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Floor plans unveiled for 60 beds at Polson Tower

Health Minister Margaret MacDiarmid speaks to reporters. Vernon-Monashee MLA Eric Foster is pictured in the background.
February 07, 2013 - 3:41 PM

Health Minister Margaret MacDiarmid and Vernon-Monashee MLA Eric Foster today unveiled floor plans that will finish the top two floors of Vernon Jubilee Hospital's Polson Tower by adding 60 beds at a cost of around $29.6 million.

"Our government is committed to providing high-quality and accessible health services for all British Columbians, including patients who need hospital care in the Greater Vernon region," MacDiarmid said. "Finishing the top two floors will greatly improve capacity at the Vernon Jubilee Hospital, while also increasing patient comfort, privacy and safety."

MacDiarmid dismissed a question about the timing of the announcement coinciding with an election year, saying, "We would have loved to make this announcement earlier... Now when we say we're going to do it, people can count on it."

The 60 beds will be located on two unfinished floors of the Polson Tower that were set aside with future patient needs in mind. Procurement is expected to begin in the next few weeks with a Request for Qualifications and construction beginning in fall of 2013. It is anticipated the two floors will open in summer 2015.

"Building capacity and increasing bed numbers at Vernon Jubilee Hospital has been my top priority since I was first elected in 2009. Since then, I've been working together with the health minister and local residents to help make it happen," Foster said. "This is great news for patients and families, and it is the result of dedication and hard work."

Of the 60 beds, 14 will be new and the remaining 46 will be relocated from elsewhere in the hospital. The beds will be used primarily for single-patient rooms. Previously, they were located in four-bed and double-occupancy wards. Today's announcement will see the total number of beds at the Vernon Jubilee Hospital increase from 140 regular and eight temporary beds (148 total) to 162 beds.

The move to more single-occupancy patient rooms will support enhanced patient privacy and improve infection control. The vacated space provided by relocating beds will be available for future expansion if required.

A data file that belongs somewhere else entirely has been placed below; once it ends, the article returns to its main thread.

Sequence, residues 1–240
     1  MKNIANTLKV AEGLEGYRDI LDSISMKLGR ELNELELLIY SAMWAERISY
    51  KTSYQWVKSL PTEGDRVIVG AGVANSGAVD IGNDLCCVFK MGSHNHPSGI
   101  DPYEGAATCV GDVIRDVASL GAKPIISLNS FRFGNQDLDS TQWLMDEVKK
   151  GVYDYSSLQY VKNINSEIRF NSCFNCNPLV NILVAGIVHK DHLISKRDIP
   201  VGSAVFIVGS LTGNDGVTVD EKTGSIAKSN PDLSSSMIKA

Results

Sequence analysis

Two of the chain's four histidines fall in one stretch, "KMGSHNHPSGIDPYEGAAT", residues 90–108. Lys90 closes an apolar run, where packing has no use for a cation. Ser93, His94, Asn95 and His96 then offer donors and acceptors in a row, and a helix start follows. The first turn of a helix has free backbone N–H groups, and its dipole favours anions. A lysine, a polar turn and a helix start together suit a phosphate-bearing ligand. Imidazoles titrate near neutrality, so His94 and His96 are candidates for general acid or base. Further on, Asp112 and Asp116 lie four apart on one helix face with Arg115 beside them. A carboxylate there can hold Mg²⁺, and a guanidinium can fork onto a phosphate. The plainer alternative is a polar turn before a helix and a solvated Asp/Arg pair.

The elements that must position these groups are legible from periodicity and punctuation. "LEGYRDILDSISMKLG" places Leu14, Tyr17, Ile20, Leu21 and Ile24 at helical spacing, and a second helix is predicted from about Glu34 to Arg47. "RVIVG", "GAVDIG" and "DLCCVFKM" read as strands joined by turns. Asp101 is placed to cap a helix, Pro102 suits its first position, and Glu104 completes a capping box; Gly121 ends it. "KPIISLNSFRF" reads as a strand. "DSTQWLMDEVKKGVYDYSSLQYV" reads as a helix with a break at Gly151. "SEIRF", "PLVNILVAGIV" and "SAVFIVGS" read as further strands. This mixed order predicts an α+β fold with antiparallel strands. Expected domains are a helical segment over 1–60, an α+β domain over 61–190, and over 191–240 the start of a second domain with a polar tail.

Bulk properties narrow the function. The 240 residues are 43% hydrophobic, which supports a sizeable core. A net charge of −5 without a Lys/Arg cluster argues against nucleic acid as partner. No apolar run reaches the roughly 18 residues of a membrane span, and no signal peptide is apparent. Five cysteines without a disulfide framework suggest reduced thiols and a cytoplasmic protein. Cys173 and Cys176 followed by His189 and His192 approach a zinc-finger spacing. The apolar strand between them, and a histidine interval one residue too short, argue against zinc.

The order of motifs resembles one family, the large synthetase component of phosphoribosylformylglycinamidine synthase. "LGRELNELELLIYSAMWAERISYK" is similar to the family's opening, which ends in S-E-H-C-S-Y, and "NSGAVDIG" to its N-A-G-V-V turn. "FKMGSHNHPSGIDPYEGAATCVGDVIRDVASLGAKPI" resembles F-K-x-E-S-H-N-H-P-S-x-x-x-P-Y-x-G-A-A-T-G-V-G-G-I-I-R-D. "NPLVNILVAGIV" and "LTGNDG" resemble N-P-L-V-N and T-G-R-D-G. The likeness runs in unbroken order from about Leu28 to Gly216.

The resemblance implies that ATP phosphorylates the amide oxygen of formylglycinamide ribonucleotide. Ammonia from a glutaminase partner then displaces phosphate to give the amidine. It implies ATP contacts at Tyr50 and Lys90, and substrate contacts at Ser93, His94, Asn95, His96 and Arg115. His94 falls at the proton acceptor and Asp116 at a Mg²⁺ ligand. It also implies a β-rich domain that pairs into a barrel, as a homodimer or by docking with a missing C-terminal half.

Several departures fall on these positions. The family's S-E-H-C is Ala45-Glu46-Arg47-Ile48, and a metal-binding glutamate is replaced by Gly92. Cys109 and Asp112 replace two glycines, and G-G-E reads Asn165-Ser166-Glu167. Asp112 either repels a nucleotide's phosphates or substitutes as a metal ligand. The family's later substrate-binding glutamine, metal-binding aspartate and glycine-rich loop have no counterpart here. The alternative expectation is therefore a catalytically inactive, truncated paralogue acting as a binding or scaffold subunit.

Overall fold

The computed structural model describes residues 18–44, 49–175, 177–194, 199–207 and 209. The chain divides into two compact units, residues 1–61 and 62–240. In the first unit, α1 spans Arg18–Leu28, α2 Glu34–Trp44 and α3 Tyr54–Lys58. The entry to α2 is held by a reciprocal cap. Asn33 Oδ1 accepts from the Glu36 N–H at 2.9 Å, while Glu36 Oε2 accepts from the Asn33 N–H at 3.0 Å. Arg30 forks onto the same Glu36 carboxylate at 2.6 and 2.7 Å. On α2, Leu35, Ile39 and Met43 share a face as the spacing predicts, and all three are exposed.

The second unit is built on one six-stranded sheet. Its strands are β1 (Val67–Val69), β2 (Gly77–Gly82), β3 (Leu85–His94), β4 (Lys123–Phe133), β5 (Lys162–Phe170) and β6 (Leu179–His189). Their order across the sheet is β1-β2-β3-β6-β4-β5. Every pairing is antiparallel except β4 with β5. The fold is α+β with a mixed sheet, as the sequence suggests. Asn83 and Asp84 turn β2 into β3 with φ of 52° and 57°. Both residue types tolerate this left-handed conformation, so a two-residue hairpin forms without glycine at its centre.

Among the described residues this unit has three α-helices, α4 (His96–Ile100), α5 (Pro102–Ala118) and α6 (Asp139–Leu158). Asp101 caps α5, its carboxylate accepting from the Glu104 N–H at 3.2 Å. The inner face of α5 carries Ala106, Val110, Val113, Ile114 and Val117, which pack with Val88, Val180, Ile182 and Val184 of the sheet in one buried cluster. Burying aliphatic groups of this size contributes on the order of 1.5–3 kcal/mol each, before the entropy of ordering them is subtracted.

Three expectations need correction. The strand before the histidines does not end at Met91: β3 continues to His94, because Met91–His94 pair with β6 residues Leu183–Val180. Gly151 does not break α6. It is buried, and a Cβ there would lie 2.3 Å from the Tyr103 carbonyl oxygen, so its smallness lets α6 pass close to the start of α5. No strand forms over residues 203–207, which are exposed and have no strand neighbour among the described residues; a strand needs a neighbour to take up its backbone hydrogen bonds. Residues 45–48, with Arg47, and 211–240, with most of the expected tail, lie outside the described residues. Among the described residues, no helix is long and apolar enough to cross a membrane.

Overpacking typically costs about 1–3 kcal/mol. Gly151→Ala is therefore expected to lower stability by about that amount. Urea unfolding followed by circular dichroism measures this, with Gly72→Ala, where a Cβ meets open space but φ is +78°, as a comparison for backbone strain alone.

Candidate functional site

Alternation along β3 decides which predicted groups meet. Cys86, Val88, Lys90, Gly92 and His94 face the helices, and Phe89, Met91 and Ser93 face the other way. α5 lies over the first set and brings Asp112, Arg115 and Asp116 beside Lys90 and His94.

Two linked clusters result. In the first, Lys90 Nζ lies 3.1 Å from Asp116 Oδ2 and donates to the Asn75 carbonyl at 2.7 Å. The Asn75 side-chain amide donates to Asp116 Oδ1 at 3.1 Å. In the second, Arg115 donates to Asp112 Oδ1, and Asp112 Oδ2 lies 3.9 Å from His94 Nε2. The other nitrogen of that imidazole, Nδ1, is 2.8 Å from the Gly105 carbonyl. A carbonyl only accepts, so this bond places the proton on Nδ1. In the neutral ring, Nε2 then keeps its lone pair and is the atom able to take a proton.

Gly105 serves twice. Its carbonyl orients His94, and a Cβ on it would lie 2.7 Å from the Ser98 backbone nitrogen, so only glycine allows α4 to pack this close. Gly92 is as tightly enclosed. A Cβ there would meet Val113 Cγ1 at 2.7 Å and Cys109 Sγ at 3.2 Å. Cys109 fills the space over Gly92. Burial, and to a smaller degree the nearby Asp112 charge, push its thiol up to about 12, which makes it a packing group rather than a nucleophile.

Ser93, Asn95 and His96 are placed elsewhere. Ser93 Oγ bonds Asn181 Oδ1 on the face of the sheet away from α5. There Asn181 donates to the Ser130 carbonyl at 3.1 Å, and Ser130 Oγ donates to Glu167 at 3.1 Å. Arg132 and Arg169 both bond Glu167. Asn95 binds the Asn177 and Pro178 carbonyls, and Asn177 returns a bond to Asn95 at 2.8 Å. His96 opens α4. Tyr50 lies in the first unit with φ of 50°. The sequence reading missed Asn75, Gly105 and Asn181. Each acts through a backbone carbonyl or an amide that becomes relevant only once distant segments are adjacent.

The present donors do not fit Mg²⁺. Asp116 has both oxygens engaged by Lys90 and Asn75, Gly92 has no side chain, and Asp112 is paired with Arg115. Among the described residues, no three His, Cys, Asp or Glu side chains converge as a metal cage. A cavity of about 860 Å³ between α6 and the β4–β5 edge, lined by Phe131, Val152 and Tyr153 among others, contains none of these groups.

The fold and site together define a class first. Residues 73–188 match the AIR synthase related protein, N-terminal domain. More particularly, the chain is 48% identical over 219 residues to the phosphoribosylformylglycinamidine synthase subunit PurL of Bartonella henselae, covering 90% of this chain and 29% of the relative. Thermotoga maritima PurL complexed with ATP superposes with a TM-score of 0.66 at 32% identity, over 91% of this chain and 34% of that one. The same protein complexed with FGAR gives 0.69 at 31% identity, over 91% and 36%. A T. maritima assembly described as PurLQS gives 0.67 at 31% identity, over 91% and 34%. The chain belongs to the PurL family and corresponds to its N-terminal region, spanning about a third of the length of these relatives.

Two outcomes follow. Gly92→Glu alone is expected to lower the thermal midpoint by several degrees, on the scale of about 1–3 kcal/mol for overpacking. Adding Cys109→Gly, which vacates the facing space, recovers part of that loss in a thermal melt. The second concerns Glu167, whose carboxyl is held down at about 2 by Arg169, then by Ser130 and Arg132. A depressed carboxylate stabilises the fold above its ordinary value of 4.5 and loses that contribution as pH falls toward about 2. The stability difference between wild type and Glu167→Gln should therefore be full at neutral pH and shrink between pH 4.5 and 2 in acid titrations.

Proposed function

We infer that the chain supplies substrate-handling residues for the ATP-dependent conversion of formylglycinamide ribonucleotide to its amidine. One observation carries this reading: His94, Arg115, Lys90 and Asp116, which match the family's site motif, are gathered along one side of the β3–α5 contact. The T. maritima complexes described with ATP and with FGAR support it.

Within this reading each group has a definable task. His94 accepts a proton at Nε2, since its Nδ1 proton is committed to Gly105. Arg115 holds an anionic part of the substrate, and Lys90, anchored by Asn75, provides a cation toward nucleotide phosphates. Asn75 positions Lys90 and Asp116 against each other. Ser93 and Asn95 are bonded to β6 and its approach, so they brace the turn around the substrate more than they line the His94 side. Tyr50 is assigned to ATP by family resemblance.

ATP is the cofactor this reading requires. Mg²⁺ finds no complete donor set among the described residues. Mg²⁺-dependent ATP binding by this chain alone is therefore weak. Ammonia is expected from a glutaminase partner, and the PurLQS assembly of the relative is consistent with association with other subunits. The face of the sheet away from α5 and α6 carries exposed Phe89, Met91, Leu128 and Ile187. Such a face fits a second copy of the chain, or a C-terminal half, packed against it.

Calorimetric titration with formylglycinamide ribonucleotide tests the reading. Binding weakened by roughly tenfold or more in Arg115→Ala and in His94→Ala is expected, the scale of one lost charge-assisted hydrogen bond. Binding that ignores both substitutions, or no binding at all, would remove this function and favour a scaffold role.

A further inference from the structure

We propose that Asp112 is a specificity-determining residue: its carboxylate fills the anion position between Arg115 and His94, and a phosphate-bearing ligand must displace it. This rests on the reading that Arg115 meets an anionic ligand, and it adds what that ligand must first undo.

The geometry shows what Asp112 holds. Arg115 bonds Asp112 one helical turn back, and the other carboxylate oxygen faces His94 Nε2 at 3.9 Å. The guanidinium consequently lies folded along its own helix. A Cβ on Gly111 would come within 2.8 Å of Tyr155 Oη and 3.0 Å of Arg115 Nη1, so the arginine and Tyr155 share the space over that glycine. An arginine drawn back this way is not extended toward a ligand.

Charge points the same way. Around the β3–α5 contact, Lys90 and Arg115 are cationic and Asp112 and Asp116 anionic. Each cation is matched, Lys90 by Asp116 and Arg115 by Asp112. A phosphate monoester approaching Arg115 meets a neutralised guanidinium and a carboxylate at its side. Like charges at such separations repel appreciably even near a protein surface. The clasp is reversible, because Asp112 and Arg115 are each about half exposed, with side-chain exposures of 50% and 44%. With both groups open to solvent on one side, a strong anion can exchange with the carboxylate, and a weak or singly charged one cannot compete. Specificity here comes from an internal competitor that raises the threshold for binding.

Nancy Serwo, acute area director for the North Okanagan, said staffing will be increased to match the additional 14 beds. 

"It impacts all services," she said, noting food services, housekeeping and other areas. 

In April 2012, government announced plans to add beds in Polson Tower and complete the two unfinished floors. Funding to complete the two floors will be shared between the Province, the North Okanagan Columbia Shuswap Regional Hospital District (NOCSRHD) and the Vernon Jubilee Hospital Foundation. Details of the cost sharing split are being finalized.

"We need to support our community to remain healthy and vibrant, and this includes ensuring we have bed capacity at Vernon Jubilee Hospital when we need it," said Norman Embree, Interior Health board chair. "It's about ensuring we have appropriate beds available, so families can feel comfortable and safe accessing care."

Completed as part of the Vernon Jubilee Hospital Project, Polson Tower now includes expanded emergency, maternity and pediatrics departments, ambulatory care, surgical services, intensive care, and medical device reprocessing. Polson Tower was also recently awarded a LEED Gold certification and is the first building in Vernon to achieve this.

LEED is an acronym for Leadership in Energy and Environmental Design. It is a benchmark for what constitutes a green building in Canada. Polson Tower's expanded and modernized facilities provide a better, greener environment for patients and staff.

Polson Tower was officially opened for patients in October 2011. The $180-million Polson Tower added 16,815 square metres (181,000 square feet) of space to the Vernon Jubilee Hospital site.

"By providing funding for additional beds in Polson Tower at Vernon Jubilee Hospital, we are focused on the future," said NOCSRHD chair Rhona Martin. "We are ensuring we can meet the growing demand for high-level hospital care and services in our community."

Since 2001, more than $7 billion has been invested in health capital projects in British Columbia. British Columbia's health-care system will benefit from $2.3 billion in health-sector capital investments over the coming three years, including the Interior Heart & Surgical Centre in Kelowna and today's announcement of 60 beds added to the Polson Tower.

—Charlotte Helston
chelston@infotelnews.ca
(250)309-5230

News from © InfoTel News Ltd, 2013
InfoTel News Ltd

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